Pregnancy in rodents is associated with important maternal metabolic changes. Early pregnancy is considered to be an anabolic phase of nutrient storing, while in late pregnancy, a catabolic phase develops to help meet the metabolic demands of the rapidly growing conceptus. Similarly, major changes also occur in the IGFs, IGF-binding proteins (IGFBPs) and GH axis. In the rat, maternal serum IGF-I levels increase from early to mid-pregnancy, after which IGF-I levels decline. Conversely, as IGF-I levels decline, pituitary-derived rat GH increases twofold. This coincides with a decrease in IGFBP-3 and the appearance of an IGFBP protease. However, the physiological role of these changes is unclear. The aim of our study was to examine the roles of GH, IGFs and IGFBPs during pregnancy in a unique isolated GH-deficient rat model, spontaneous dwarf rats. Pregnancy in GH-deficient dams resulted in a significantly reduced litter number, and maternal weight gain (day 21-day 1) was reduced by 28% when compared with dams with normal GH levels (GH-normal dams). In the sera of GH-normal dams, IGF-I levels increased 2.6-fold by day 4 of pregnancy and then progressively declined to below non-pregnant levels. Serum IGF-II levels were low and remained unchanged. Western-ligand blot analysis showed that IGFBP-3 was present in non-pregnancy and early pregnancy sera, but declined dramatically after day 12. This decline in IGFBP-3 coincided with the detection of an IGFBP protease. In contrast, in non-pregnancy sera from GH-deficient rats, serum IGF-I concentrations were 10% of the levels seen in GH-normal females, and neither IGF-I nor IGF-II concentrations changed with pregnancy. Furthermore, in GH-deficient dams, serum IGFBP-3 (as assessed by Western-ligand blot analysis) was low in non-pregnancy and early pregnancy sera, and became undetectable by day 12 of pregnancy. The low concentrations of IGFBP-3 in early pregnancy serum from GH-deficient rats coincided with IGFBP-proteolytic activity, and the decline in serum IGFBP-3 after day 16 was the result of increased protease activity. In conclusion, isolated GH deficiency results in: (1) reduced maternal weight gain and correspondingly smaller litter sizes; (2) low and unchanged maternal serum IGF-I levels; (3) low, but declining, serum IGFBP-3 levels; and (4) activity of IGFBP protease(s) detectable in early and late pregnancy, which may modulate the bioavailability and bioactivity of IGFs by regulating IGFBP-3.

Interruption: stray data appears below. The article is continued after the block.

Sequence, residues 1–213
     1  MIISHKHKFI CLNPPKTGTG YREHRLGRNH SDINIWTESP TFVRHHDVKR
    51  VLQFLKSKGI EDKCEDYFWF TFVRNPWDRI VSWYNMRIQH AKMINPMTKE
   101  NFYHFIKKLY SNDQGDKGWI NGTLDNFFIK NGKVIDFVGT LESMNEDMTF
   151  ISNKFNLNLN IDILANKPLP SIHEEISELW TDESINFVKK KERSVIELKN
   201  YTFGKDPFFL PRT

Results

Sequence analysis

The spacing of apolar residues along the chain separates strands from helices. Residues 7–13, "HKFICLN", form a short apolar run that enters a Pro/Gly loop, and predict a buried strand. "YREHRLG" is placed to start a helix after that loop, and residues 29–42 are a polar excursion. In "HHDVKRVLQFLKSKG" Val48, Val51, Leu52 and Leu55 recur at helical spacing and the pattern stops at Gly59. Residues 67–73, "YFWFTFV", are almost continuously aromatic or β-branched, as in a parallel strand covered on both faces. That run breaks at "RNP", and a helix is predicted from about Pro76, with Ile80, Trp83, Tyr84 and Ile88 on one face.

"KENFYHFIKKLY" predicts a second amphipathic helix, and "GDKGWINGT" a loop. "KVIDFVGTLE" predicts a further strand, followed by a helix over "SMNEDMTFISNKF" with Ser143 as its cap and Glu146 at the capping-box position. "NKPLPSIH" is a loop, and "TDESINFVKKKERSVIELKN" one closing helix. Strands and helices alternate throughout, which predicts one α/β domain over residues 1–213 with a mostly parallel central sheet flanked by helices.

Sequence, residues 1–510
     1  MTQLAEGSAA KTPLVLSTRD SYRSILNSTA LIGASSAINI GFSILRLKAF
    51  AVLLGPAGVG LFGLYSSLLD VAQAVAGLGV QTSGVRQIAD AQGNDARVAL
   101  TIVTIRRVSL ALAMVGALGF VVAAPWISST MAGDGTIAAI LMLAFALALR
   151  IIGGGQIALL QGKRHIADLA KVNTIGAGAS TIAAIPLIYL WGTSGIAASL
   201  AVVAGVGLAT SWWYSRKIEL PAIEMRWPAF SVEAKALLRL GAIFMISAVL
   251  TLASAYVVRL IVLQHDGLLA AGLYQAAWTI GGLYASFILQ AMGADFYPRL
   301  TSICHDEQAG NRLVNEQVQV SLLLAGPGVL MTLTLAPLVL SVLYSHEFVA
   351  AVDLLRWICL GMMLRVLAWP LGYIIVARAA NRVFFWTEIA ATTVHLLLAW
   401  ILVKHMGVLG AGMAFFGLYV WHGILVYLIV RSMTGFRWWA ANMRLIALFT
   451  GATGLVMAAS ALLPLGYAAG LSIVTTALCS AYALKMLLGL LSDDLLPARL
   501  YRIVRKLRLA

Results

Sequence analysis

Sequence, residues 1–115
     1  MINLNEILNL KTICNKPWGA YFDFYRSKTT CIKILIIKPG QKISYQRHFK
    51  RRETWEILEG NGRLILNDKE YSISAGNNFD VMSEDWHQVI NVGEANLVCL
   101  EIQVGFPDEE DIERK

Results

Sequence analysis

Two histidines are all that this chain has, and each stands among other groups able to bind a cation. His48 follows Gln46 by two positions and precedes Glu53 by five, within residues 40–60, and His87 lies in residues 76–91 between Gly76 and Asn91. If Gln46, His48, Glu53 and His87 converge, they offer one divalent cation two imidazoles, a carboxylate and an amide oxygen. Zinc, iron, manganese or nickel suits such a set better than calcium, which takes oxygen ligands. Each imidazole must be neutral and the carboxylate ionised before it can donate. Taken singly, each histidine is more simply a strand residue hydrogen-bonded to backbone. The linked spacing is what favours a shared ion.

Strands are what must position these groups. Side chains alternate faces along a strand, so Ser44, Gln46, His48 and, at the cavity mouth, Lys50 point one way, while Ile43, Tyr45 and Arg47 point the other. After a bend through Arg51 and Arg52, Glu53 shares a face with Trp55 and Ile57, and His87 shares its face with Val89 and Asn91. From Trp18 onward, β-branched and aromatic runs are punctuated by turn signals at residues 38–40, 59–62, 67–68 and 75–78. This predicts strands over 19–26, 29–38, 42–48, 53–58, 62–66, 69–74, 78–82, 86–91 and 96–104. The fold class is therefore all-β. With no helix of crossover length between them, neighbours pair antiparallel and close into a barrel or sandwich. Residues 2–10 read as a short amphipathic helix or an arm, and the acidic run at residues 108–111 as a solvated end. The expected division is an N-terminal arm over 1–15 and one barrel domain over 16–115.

ASJC Scopus subject areas
- Endocrinology, Diabetes and Metabolism